10 Advantages and Disadvantages of Needs Assessment Techniques (1 of 3) ObservationGenerates data relevant to work environmentMinimizes interruption of workNeeds skilled observerEmployees’ behavior may be affected by being observedQuestionnairesInexpensiveCan collect data from a large number of personsData easily summarizedRequires timePossible low return rates, inappropriate responsesLacks detailOnly provides information directly related to questions asked
11 Advantages and Disadvantages of Needs Assessment Techniques (2 of 3) InterviewsGood at uncovering details of training needsGood at uncovering causes and solutions of problemsCan explore unanticipated issues that come upQuestions can be modifiedTime consumingDifficult to analyzeNeeds skilled interviewerCan be threatening to SMEsDifficult to scheduleSMEs only provide information they think you want to hearFocus GroupsUseful with complex or controversial issues that one person may be unable or unwilling to exploreQuestions can be modified to explore unanticipated issuesTime consuming to organizeGroup members provide information they think you want to hearStatus or position differences may limit participation
12 Advantages and Disadvantages of Needs Assessment Techniques (3 of 3) Documentation(Technical Manuals and Records)Good source of information on procedureObjectiveGood source of task information for new jobs and jobs in the process of being createdYou may not be able to understand technical languageMaterials may be obsolete
13 The Needs Analysis Process Person AnalysisPerson CharacteristicsInputOutputConsequencesFeedbackOrganizational AnalysisStrategic DirectionSupport of Managers, Peers & Employees for Training ActivitiesTraining ResourcesDo We Want To Devote Time and Money For Training?Task Analysis or Develop a Competency ModelWork Activity (Task)KSAsWorking Conditions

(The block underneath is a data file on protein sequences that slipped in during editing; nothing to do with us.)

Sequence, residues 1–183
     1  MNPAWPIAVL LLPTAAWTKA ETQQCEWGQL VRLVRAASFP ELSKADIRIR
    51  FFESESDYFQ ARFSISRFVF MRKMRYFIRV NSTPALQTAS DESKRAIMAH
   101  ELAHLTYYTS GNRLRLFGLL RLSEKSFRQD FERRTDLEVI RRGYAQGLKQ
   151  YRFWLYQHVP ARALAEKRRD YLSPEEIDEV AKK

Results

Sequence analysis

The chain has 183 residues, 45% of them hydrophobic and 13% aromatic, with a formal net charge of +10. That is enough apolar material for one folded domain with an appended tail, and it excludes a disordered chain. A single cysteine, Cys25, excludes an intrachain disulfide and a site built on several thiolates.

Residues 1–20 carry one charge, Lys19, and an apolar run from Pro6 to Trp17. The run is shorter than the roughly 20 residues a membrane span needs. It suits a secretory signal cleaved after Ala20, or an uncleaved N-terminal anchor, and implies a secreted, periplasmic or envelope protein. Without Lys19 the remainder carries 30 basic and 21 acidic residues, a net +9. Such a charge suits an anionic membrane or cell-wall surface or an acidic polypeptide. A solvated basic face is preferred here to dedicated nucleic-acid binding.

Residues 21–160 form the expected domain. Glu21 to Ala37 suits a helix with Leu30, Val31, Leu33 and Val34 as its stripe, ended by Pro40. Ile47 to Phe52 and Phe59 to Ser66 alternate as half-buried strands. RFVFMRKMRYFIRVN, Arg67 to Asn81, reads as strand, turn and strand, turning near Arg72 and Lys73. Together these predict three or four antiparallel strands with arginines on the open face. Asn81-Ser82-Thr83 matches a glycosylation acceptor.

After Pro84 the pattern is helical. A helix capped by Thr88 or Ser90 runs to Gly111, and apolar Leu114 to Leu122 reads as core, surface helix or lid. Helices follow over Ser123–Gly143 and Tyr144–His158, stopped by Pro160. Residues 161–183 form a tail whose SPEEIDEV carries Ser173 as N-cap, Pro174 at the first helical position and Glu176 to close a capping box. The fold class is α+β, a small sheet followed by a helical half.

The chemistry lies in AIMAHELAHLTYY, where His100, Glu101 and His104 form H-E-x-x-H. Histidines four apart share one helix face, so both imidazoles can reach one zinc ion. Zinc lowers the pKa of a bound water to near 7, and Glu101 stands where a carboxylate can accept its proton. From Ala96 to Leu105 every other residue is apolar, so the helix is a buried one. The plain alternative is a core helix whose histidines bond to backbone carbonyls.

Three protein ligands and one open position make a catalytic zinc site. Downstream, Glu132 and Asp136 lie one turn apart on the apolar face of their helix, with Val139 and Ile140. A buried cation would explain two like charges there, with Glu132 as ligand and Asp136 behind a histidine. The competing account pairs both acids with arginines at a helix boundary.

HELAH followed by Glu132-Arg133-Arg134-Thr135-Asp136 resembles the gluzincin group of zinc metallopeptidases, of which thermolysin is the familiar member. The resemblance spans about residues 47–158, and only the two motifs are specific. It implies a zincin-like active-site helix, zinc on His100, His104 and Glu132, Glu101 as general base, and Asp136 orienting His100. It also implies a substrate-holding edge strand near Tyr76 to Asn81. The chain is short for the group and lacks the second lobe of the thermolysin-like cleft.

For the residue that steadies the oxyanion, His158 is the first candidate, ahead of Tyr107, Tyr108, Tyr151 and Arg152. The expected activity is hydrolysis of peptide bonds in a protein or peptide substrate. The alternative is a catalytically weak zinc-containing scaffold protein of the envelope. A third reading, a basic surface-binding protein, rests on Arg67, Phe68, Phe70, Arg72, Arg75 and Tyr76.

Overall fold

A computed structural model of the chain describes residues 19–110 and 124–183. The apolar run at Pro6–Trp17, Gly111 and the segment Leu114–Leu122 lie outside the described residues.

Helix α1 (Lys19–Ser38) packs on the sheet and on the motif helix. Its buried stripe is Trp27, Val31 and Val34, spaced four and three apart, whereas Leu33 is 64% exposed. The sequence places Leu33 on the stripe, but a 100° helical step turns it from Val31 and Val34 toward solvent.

14 Questions to Ask in an Organizational Analysis (1 of 3) How might the training content affect our employees’ relationship with our customers?What might suppliers, customers, or partners need to know about the training program?How does this program align with the strategic needs of the business?Should organizational resources be devoted to this program?
15 Questions to Ask in an Organizational Analysis (2 of 3) What do we need from managers and peers for this training to succeed?What features of the work environment might interfere with training?Do we have experts who can help us develop the program content and ensure that we understand the needs of the business as we develop the program?
16 Questions to Ask in an Organizational Analysis (3 of 3) Will employees perceive the training program as:an opportunity?reward?punishment?waste of time?
17 Person Characteristics Basic SkillsSelf-EfficiencyAwareness of Timing Needs, Career Interests, Goals+InputUnderstand What, How, When to PerformSituational ConstraintsSocial SupportOpportunity to PerformProcess for analyzing the factors that influence employee performance and learning+OutputExpectations for Learning and Performance+ConsequencesNormsBenefitsRewards+FeedbackFrequencySpecificityDetailMotivation to LearnLearning Performance
18 Person Analysis – Readiness for training refers to whether: Employees have the personal characteristics necessary to learn program content and apply it on the job.The work environment will facilitate learning and not interfere with performance.
19 Factors that influence employee performance and learning: (1 of 2) Person CharacteristicsAbility and skillAttitudes and motivationInputUnderstand need to performNecessary resources (equipment, etc.)Interference from other job demandsOpportunity to perform